Clubs' Bottom-Line Gain Is D.C. Kids' Loss

The popular new Boys &  Girls Club in Manassas marks its parent charity's shift of focus toward the suburbs.
The popular new Boys & Girls Club in Manassas marks its parent charity's shift of focus toward the suburbs. (By Len Spoden For The Washington Post)
By Marc Fisher
Sunday, April 29, 2007

Just six years ago, when Michael Jordan was the guest of honor at the Boys & Girls Clubs' Eastern Branch on Capitol Hill, the brass of the organization couldn't be more proud of the spiffed-up building, spanking-new computer lab, freshly renovated gym and the hundreds of kids who were getting a second chance because of the club.

That was before the Boys & Girls Clubs of Greater Washington decided that the grass -- and donations from fat cats -- might be decidedly greener in the suburbs than in tired old city neighborhoods.

Last week, the Boys & Girls Clubs announced plans to sell off four D.C. clubs, shuttering the 70-year-old Eastern Branch, almost certainly closing the Jelleff Branch in Georgetown/Glover Park -- the only club in the city that makes money -- and seeking development deals that would include new clubs to replace facilities in Columbia Heights and Congress Heights.

Suddenly, the Eastern Branch, which the Boys & Girls Clubs eagerly touted to me in 2001 as a shining symbol of how it was reaching at-risk kids, is a decrepit, unsalvageable relic of a time before gentrification, a place that's not needed anymore because so many affluent whites have moved into an area that had been mostly poor and black.

What nonsense. Literally across the street from the Eastern Branch, I went door-to-door last year with church volunteers delivering food to families who routinely run out of cash and food stamps by mid-month. Yes, some rowhouses there sell for a half-million more than they did a decade ago, and yes, some families have been priced out of the area. But the neighborhood the Eastern Branch serves is still majority black, majority poor and teeming with kids who could use a boost.

So why is the Boys & Girls Clubs turning its back on large parts of Washington and focusing on Prince George's, Fairfax and other suburbs? A great many kids in need live in places that don't yet have clubs -- new facilities in Manassas and Gaithersburg are among the most popular clubs -- but the real issue here is real estate.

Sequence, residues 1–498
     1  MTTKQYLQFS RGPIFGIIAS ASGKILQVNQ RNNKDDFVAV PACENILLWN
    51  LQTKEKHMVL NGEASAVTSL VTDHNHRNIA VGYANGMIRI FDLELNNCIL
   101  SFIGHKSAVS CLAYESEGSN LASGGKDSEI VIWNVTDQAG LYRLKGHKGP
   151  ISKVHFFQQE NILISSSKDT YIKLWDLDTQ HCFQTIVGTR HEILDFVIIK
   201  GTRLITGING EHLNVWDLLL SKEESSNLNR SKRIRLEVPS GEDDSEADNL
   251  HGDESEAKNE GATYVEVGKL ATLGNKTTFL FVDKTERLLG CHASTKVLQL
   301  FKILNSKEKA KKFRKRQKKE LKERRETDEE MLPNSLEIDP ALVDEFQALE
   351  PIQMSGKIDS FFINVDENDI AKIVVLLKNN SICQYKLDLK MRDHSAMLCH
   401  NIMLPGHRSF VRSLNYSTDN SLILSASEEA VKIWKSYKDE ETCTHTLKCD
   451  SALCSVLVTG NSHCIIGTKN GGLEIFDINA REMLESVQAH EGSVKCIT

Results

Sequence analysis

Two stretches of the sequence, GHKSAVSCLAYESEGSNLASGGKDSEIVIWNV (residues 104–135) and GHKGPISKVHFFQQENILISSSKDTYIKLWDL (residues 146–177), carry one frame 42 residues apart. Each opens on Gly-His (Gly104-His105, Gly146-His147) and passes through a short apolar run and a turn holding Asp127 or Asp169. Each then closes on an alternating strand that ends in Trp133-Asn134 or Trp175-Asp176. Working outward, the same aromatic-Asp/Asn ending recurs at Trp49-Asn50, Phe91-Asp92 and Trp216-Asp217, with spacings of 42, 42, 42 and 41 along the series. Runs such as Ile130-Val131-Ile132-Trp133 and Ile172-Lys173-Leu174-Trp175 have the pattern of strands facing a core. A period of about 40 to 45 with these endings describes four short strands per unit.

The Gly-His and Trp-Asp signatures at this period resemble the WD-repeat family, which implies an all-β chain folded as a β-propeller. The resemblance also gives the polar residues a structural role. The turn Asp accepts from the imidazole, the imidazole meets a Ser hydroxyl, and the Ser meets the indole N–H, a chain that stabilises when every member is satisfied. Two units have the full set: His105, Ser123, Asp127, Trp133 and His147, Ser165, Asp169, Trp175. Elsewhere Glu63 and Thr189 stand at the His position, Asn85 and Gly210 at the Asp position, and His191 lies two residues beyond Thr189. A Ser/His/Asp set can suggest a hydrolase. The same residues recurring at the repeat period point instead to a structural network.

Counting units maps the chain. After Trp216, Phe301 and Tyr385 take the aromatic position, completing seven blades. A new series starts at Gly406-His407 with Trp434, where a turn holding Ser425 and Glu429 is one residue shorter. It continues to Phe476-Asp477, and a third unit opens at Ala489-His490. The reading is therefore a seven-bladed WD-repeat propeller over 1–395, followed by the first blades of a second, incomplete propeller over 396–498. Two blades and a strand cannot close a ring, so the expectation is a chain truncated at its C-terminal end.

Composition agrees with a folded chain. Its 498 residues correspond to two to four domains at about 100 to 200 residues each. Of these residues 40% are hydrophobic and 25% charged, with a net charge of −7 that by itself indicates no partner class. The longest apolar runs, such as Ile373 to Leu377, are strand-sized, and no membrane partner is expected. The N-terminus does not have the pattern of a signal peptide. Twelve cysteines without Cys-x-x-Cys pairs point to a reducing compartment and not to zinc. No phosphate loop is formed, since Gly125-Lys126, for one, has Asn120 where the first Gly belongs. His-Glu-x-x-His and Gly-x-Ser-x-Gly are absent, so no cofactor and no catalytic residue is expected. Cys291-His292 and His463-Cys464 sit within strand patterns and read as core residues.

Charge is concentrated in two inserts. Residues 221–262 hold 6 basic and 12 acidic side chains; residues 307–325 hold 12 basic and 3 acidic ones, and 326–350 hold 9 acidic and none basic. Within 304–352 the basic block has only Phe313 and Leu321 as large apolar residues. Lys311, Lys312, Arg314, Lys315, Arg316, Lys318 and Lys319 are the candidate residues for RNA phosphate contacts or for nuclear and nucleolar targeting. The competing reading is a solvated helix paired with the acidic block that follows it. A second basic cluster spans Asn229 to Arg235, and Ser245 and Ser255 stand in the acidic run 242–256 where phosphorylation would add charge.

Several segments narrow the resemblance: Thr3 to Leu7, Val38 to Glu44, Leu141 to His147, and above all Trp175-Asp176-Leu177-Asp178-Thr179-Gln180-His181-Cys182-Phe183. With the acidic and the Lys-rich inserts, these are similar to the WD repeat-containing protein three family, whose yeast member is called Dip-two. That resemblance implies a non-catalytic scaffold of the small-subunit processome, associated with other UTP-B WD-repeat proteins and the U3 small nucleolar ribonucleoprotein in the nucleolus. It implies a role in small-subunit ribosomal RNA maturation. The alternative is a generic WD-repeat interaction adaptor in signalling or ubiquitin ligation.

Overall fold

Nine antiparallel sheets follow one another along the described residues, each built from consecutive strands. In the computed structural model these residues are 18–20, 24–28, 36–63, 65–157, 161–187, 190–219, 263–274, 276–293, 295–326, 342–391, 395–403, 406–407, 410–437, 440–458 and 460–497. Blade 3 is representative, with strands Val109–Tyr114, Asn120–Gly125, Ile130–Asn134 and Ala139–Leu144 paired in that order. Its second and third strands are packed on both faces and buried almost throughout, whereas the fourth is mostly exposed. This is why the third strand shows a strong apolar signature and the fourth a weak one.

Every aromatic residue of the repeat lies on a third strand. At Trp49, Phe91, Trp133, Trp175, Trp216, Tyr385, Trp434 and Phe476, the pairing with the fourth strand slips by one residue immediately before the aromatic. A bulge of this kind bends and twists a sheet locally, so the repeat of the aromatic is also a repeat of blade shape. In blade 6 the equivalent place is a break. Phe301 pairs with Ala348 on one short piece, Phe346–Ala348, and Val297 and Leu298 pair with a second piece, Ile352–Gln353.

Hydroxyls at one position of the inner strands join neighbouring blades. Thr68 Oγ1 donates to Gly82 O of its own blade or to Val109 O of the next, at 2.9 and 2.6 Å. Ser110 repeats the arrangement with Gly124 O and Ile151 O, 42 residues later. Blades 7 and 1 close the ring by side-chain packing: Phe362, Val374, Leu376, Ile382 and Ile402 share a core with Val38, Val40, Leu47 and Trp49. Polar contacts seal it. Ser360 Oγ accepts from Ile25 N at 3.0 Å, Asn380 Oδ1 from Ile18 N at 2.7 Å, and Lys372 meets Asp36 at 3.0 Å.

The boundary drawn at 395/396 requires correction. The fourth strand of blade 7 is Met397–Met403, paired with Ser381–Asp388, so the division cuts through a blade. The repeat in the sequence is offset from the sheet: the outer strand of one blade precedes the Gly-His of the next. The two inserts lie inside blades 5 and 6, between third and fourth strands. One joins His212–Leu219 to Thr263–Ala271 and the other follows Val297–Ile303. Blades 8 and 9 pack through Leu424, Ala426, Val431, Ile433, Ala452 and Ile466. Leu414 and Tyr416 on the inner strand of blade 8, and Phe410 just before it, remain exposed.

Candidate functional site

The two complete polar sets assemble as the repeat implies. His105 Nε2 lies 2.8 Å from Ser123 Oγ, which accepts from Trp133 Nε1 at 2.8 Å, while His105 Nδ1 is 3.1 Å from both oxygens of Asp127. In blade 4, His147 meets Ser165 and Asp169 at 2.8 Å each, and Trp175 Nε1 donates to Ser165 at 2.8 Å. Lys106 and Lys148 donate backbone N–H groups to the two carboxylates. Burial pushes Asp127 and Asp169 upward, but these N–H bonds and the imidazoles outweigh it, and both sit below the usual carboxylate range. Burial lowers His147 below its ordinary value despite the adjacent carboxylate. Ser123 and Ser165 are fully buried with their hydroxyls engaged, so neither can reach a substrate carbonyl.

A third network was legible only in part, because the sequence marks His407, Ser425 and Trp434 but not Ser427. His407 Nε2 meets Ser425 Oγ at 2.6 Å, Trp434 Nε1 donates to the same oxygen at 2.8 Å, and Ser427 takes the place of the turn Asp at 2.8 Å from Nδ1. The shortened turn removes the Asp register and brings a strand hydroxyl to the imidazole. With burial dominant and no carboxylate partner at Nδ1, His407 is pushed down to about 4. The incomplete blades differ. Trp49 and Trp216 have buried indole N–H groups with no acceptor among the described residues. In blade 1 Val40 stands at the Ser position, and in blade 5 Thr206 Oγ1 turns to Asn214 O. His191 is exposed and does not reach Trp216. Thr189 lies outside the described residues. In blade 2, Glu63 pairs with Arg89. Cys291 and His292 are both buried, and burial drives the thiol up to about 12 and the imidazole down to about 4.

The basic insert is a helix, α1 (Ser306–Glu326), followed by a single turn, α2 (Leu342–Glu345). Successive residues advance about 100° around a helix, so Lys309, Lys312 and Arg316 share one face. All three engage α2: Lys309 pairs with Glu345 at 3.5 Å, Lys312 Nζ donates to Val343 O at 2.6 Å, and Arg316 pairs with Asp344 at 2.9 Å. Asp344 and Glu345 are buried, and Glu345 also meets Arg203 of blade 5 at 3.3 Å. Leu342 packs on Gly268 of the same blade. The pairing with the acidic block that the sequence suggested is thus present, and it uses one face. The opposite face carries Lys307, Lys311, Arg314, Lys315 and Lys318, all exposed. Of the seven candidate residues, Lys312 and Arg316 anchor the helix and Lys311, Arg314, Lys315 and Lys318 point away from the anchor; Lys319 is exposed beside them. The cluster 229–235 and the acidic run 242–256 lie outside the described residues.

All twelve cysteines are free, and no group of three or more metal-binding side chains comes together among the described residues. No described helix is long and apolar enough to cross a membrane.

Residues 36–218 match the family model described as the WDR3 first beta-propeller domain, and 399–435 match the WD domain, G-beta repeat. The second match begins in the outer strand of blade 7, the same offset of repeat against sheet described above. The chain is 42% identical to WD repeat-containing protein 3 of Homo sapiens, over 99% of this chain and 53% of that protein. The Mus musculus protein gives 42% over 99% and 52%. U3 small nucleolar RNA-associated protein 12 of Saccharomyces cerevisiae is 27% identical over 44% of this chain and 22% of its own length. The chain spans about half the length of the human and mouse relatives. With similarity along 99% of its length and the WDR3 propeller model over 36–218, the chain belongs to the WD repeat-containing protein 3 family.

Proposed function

"What's really essential for us is to serve as many children as possible that need us," says Will Gunn, president of the clubs. "And a valuable asset we have is the real estate we have in certain areas."

It's all about the Benjamins, folks. Enter a group called Venture Philanthropy Partners, founded by Washington area tech moguls Mark Warner (the former Virginia governor), Raul Fernandez and Mario Morino, who recruited like-minded rich people to invest in charities that work with poor children. The investor donates big money to organizations willing to run themselves like a sleek, bottom-line-oriented business. Venture agreed to invest $3.5 million in the Boys & Girls Clubs after advising the charity to "ensure the long-term financial sustainability of the organization" by changing its priorities to "derive the maximum financial benefit from its real estate assets," as a report by the investment group puts it.

Translation: Sell off city clubs that sit on land that would make developers salivate.

The Eastern Branch sits on 17th Street SE near rowhouses that have shot up in value. As a result, Gunn says, there are only 298 children living within a mile of the club whose family income is under 200 percent of the federal poverty line. Contrast that with 4,100 such children living near the club across the Anacostia River in Southeast.

The Jelleff club is a four-acre complex with a gym, field, pool and parking lot, just off Wisconsin Avenue in the Georgetown Historic District. Gunn says that property would sell for upwards of $20 million, but Jelleff's many defenders argue that fantasies of condo development would almost surely be dashed because the club is subject to historic preservation rules, abuts National Park Service land and lies on top of the city's main aqueduct. Develop that.

Like many club leaders, Denis James, who has been on the Jelleff board for 24 years, says the clubs' new focus ignores the success Jelleff has had in breaking through Washington's racial and economic divides, bringing together kids from all sections of the city.

"There are so few places to play in this city, so little open land," he says. "The clubs see their future marketplace as Prince George's County; they just want to get the money and get out of the city. We're viewed as the country-club Boys & Girls Club, but Jelleff is truly a melting pot of kids from all over."

Another Jelleff board member, Melinda Roth, echoes a complaint made by many longtime volunteers, saying the decisions to sell off D.C. clubs were made in a secretive process that excluded those who use the facilities.

"The clubs are supposed to be a community haven, open to everyone," Roth says. "Jelleff is the most racially, economically diverse club we have. What the clubs are saying now is that as areas re-gentrify, we don't need to be there. As neighborhoods change, do you pack your bags and leave?"

© 2007 The Washington Post Company